God is love. This is clearly stated in I John 4: 8, 16. His love for man caused Him to send His Son to die on the cross as a sin sacrifice (John 3:16), while man was an enemy (Romans 5:6-10). Truly, this degree of love is incomprehensible. But the forgotten side is that “the Lord your God is a consuming fire, a jealous God” (Deuteronomy 4:24). These are not conflicting ideas, the two sides make a whole.

God wants all men to be saved. “For this is good and acceptable in the sight of God our Savior, who desires all men to be saved and to come to the knowledge of the truth” (I Timothy 2:3-4). While God offers salvation to all mankind (Titus 2:11) the majority will reject His offer, and God will destroy them (Matthew 10:28; II Thessalonians 1:9).

God is no respecter of persons. The promise made to Abraham (Genesis 12:1-3) extends to all the nations of the earth. That promise is fulfilled in Christ (Galatians 3:16). Though Christ and His disciples preached primarily to “the lost sheep of the house of Israel” (Matthew 10:6), God’s plan after Jesus ascended was that the gospel be preached to all men (Matthew 28:19-20; Acts 10 & 11; Ephesians 2:11-16). While salvation is extended to all without partiality, only those in the Lord’s church have accepted the offer (Acts 20:28). All others are lost.

The Side Of Jesus That Is Often Ignored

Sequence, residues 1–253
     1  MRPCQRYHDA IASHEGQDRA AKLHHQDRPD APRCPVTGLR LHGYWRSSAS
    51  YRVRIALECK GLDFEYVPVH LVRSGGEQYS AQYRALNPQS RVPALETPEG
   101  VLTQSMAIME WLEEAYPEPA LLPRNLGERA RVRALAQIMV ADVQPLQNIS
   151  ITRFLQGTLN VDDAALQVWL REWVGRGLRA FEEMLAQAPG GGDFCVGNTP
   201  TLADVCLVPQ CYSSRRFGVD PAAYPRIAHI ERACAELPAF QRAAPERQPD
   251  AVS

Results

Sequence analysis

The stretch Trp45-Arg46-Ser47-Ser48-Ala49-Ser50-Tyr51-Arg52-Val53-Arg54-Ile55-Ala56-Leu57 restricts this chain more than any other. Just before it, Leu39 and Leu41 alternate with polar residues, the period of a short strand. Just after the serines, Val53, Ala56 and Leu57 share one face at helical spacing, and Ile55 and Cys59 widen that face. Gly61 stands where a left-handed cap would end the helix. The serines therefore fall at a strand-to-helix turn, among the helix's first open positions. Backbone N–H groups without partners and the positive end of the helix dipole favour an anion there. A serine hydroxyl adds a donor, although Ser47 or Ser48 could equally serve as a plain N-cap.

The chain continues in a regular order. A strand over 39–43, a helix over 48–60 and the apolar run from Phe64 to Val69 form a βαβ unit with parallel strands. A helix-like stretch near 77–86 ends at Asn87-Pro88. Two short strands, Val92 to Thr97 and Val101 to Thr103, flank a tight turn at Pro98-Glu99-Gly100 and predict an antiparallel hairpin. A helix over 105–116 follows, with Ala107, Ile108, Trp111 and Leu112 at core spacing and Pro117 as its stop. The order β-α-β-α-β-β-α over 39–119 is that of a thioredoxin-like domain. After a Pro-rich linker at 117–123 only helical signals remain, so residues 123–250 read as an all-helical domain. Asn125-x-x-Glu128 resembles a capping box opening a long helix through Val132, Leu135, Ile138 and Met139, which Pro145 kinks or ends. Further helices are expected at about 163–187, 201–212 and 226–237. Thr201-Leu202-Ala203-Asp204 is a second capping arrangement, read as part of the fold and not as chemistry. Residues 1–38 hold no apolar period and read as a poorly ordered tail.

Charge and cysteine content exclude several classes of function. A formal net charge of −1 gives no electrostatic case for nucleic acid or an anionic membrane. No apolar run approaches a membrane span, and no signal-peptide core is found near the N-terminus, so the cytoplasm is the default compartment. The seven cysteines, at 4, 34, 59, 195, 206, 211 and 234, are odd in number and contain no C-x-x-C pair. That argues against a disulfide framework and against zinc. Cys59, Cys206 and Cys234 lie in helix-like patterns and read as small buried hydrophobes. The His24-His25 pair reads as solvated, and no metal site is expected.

Jesus Was Intolerant Of Sin And Those Who Promoted It. Much of His time on earth was spent exposing and condemning the sins of the Jewish leadership. He warned His disciples, “Take heed and beware of the leaven of the Pharisees and the Sadducees” (Matthew 16:6). Initially the disciples didn’t understand His words. But after Jesus explained, “they understood that He did not tell them to beware of the leaven of bread, but of the doctrine of the Pharisees and Sadducees” (Matthew 16:12). His language in Matthew 23 is among the strongest in all the Bible. He referred to the Scribes and Pharisees as “hypocrites,” “serpents,” “brood of vipers.” He described them as “full of extortion and self-indulgence,” “full of hypocrisy and lawlessness.” He said that they, “devour widows’ houses, and for a pretense make long prayers.” He was intolerant of those who rejected Him after seeing His miracles, “Woe to you, Chorazin! Woe to you, Bethsaida! For if the mighty works which were done in you had been done in Tyre and Sidon, they would have repented long ago in sackcloth and ashes. But I say to you, it will be more tolerable for Tyre and Sidon in the day of judgment than for you” (Matthew 11:21-22). Jesus was intolerant of those who set aside God’s law to follow human tradition (Matt. 15:3-9). He did not tolerate “false christs” and “false prophets” (Matthew 24:24). He told the Sadducees that they were “mistaken, not knowing the Scriptures nor the power of God” (Matthew 22:29).